Once I make sure their script is as great as it can be, I map out a sales strategy for them and introduce them to my own contacts. I got one of my mentees signed to my own manager. Everybody in the core development program ANSWER THE CALL is automatically enrolled in UNLEASH YOUR SUPERPOWER as part of me helping them succeed.

Are there any success stories regarding former students you can share?

There sure are. In the very first year of the program, writers have already been advancing in contests, got an 8 on the Black List, gotten a handful of paid writing assignments, got producer attachments, and a former client won a Nicholl Fellowship last year (top 5 out of 7200 scripts).

Did I mention it was the first year of the program?

Success begets success, and this snowballing has just begun.

How can somebody interested in either or both of these courses get in touch with you?

Go to https://www.BrooksElmsCoaching.com. The deadline to register for ANSWER THE CALL is October 31st of this year

Last time around, you said your favorite pie was pecan (a la mode), with banana cream coming in a close second. Still the case?

Damn right.

That special spark within

roald dahl
Why is this writer smiling? You would too if you came up with the term “Everlasting Gobstopper”.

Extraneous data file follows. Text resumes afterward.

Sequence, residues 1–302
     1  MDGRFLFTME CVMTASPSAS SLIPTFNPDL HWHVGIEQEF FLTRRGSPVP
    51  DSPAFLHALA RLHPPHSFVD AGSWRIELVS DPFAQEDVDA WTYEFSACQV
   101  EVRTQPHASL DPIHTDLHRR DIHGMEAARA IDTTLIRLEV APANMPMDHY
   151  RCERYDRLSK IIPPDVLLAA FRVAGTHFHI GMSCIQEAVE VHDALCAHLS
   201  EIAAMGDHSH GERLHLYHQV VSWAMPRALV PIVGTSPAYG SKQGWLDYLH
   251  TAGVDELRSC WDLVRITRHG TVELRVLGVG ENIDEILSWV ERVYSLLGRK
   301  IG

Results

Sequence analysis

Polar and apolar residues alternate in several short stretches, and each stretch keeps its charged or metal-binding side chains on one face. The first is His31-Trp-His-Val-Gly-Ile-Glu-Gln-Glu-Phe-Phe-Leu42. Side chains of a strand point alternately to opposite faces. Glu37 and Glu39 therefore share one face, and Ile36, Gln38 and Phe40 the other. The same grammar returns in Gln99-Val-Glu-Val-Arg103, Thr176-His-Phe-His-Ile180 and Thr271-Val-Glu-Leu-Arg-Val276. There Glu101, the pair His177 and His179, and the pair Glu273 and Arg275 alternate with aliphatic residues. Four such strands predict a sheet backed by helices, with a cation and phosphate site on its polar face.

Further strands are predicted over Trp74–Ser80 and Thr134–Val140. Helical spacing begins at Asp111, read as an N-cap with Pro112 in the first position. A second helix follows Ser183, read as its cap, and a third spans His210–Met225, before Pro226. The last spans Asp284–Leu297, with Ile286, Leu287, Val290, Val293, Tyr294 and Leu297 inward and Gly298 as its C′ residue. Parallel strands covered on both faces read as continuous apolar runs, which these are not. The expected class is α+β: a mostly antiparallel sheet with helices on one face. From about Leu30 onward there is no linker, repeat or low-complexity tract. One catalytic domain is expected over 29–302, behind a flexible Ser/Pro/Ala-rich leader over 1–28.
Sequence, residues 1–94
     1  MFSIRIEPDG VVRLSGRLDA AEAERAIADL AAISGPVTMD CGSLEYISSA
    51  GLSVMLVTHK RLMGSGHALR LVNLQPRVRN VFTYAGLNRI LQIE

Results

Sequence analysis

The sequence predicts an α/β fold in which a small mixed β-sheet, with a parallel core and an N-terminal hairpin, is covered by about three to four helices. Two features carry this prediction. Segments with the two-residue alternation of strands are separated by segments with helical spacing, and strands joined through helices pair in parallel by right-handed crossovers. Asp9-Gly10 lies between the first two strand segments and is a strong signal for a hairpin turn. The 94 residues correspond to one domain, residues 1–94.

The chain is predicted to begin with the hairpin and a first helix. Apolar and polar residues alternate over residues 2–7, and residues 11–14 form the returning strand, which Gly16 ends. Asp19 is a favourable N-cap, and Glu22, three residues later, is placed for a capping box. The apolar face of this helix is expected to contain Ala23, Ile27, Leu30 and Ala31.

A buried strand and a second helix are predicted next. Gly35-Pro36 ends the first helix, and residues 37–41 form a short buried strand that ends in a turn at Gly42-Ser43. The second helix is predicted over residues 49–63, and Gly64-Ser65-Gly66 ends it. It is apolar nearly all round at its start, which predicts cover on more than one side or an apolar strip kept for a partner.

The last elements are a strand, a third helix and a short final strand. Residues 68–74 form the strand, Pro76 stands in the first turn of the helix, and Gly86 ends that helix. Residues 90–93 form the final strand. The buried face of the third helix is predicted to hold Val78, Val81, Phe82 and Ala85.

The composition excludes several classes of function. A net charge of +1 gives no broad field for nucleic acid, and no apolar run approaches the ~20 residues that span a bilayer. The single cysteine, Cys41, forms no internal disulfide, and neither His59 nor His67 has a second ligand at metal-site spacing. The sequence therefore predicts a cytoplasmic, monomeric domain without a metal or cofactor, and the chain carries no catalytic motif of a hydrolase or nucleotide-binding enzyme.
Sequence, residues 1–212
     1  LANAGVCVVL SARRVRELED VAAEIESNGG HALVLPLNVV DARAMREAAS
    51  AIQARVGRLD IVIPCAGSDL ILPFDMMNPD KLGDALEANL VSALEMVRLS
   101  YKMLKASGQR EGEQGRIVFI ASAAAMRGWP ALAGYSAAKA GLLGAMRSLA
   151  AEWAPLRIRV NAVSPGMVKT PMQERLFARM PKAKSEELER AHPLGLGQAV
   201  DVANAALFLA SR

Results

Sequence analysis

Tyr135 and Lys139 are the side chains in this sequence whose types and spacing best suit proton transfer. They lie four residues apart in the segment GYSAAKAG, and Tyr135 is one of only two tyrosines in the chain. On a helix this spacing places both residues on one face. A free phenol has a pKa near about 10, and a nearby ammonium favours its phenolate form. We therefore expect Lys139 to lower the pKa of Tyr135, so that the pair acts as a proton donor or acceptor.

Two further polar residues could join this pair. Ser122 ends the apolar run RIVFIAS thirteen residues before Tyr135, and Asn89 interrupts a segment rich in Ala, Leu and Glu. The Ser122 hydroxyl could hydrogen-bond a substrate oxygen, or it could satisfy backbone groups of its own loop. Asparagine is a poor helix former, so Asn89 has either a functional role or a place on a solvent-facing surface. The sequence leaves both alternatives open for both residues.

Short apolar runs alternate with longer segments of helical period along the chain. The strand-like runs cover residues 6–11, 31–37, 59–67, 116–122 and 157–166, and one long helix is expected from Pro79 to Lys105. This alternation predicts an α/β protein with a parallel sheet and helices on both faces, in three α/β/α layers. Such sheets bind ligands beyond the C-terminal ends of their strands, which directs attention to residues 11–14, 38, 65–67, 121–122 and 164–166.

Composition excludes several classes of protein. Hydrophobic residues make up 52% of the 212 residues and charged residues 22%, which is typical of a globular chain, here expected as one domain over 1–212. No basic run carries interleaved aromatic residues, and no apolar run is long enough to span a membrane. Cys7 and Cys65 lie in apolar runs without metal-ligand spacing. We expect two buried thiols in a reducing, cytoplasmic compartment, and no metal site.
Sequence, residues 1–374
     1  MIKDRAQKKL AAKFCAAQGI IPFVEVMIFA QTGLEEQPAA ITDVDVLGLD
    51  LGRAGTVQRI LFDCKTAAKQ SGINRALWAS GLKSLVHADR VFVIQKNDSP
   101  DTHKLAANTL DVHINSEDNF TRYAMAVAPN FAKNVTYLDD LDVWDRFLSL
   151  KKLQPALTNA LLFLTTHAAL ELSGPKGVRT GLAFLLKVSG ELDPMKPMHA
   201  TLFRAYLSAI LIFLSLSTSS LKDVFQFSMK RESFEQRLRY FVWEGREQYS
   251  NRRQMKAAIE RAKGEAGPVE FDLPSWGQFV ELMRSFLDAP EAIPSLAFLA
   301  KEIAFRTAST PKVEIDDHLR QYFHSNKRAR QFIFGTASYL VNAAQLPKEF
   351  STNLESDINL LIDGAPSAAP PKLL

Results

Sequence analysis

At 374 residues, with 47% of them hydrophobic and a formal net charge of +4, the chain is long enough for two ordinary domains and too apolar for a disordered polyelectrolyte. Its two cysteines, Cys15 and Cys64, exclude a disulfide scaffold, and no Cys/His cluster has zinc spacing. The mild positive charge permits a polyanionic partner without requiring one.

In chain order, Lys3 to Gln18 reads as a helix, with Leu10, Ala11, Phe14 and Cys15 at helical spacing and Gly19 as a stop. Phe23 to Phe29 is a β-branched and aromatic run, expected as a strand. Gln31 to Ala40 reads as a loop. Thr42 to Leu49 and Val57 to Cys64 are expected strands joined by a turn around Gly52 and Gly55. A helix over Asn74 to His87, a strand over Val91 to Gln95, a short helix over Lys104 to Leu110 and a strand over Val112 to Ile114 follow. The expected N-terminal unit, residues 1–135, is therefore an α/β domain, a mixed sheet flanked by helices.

This past weekend, I had the opportunity to meet with some fellow Bay Area writers. Among their number was a writer who had written some small stuff, and was in the middle of working on her first big project – a TV pilot.

Even though I don’t know much about writing for TV, I and another writer offered up what advice we could. The recipient was very appreciative, and one of the things she said later on in the conversation made a very strong impression on me.

“I know the first draft isn’t going to be perfect, but I’m just really loving writing this.”

Truer words could not have been spoken.

Like I told her, I write stuff I would want to see. It’s taken me a long time and many drafts of many scripts to feel like I’ve really come into my own. Each time, the end result is a script for a movie I think would be an absolute blast to see play out on the big screen.

It always astounds me when a writer complains about having to write (or rewrite). If you don’t like doing it, WHY ARE YOU DOING IT?

It was genuinely pleasing to hear this writer who, despite the challenges she knew awaited her, was still excited about working on this project. Sure, she was still nervous about doing a good job and hoped the end result didn’t suck too much. No matter how many scripts you’ve written, that feeling never goes away.

But to simply see her face light up while she described the story (which is a real doozy, believe you me) and hear her talk about what she’s experienced so far, including doing the research involved, and learning what to do and not to do regarding formatting, it was just really, really pleasant.